In return, the Wolves received two first round picks: Brooklyn’s lottery protected 2020 pick, and the Rockets 2020 pick. The re-routed the Rockets pick to the Denver Nuggets in exchange for Malik Beasley, Juan Hernangomez, and Jarred Vanderbilt. Beasley and Hernangomez will be restricted free agents this summer, which means the Wolves can retain them if they care to, but both will likely get significant raises.

As of this morning, it appeared that the Russell ship had sailed, at least for this deadline, and the Wolves were rumored to be on the hunt for another point guard, with two-way player Jordan McLaughlin the only true point left.

And then the bombshell: The Wolves clearly had never stopped working on a D’Lo deal, and finally got the Warriors to agree to send them Russell, along with Omari Spellman and Jacob Evans, in exchange for Andrew Wiggins, a top-3 protected first rounder in 2021 (unprotected in 2022) and a 2021 second round pick.

I’m not entirely sold on Russell as a “second star” but he was Rosas’ whale, and he never stopped trolling the proverbial seas to find a way to land him, and he finally did.

And in a final move, the Wolves traded Gorgui Dieng for veteran forward James Johnson.

So after that exhaustive recap, where does that leave us?

For starters, the Wolves are now a much better shooting team. The additions of Russell and Beasley in particular should help shore up a massive weakness. In addition, Hernangomez and Spellman have shown the ability to make threes, meaning that with the return, someday, hopefully, of Jake Layman from his toe injury, they should be able to surround Towns with at least three and sometimes four other shooters. This was Rosas’ vision to begin with, and while it became blurry for a while there, it has now snapped into focus.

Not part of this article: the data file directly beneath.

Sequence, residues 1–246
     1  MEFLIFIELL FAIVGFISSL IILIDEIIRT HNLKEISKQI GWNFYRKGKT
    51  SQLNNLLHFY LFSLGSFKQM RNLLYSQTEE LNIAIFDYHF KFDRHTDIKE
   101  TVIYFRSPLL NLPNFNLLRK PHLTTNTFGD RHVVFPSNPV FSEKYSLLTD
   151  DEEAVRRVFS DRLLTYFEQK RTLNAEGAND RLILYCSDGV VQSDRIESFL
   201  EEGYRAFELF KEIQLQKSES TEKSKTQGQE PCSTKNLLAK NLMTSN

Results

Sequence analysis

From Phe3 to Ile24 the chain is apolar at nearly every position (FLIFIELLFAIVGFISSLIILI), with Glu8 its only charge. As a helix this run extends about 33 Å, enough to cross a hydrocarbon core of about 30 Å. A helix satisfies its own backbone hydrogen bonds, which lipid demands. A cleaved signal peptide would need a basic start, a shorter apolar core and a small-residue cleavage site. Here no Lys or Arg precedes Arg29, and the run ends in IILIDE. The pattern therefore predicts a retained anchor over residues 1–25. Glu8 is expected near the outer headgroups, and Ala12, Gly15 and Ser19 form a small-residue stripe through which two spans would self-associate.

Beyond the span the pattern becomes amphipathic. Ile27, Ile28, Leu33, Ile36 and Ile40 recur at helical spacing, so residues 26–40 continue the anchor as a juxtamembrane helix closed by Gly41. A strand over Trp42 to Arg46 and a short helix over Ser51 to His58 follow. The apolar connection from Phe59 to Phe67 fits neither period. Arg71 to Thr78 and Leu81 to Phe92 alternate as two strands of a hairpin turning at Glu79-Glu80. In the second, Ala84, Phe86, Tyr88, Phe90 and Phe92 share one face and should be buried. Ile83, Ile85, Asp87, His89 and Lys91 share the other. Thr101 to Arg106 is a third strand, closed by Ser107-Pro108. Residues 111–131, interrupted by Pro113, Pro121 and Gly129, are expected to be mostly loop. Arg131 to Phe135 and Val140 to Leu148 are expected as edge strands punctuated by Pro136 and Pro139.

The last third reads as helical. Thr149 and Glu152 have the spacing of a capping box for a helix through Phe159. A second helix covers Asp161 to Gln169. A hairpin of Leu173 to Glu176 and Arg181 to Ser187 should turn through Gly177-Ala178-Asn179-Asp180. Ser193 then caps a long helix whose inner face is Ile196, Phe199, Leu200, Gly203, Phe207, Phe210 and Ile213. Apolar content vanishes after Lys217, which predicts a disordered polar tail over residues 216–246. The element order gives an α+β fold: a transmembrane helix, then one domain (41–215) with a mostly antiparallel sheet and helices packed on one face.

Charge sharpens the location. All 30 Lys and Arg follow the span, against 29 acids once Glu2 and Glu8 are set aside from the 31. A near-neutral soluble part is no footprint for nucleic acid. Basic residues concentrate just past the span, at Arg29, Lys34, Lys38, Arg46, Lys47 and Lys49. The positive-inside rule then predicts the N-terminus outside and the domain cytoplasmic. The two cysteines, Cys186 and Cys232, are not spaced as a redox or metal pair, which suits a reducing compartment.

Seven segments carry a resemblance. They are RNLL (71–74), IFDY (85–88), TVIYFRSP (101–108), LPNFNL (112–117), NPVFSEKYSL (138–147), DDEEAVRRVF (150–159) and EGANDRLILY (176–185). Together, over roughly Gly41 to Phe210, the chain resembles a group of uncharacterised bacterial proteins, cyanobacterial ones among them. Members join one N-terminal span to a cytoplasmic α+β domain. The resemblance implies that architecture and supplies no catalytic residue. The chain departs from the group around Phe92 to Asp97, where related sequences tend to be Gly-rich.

How they are going to fashion a playable defense out of this group remains an issue. If they continue to insist on playing small, it’s going to be tough because Towns has shown little sign of being able to thrive at that end of the court in the system they are currently employing. Hopefully they can figure something out, because while it’s clear this team is going hang its hat on offense, you have to be able to play at least passable defense to have any real success.

The other thing it leaves us with is a very young roster. For years and through different regimes, we have been preached to about patience. But this is a group that is really going to need it. With the exception of expiring contract and buy-out candidate Evan Turner, and just acquired James Johnson, there is nobody on the roster over the age of 25. Frankly they could use some veteran gravitas, but at any rate this is going to take some time, both because of the youth and because everyone is new.

The Wolves will not have cap space for the forseeable future, and are now committed to Towns, Russell, and to a lesser extent Malik Beasley. Whether that’s a good enough core to reach their goals remains to be seen, but the new roster is young and exciting, and that’s really all I can ask for.

We’ll have a lot more on these transactions, including analysis of all the new guys and what they might contribute.. There are a lot of new players to sort through as they try to figure out who will be a part of this team going forward.

It makes the rest of the season worth watching, just three days after it was feeling like one of the more depressing campaigns in a long history of them for Wolves fans. There’s a new excitement to go along with an almost wholly new roster, and we get to see whether Gersson Rosas’ vision comes to fruition.

Enjoy it.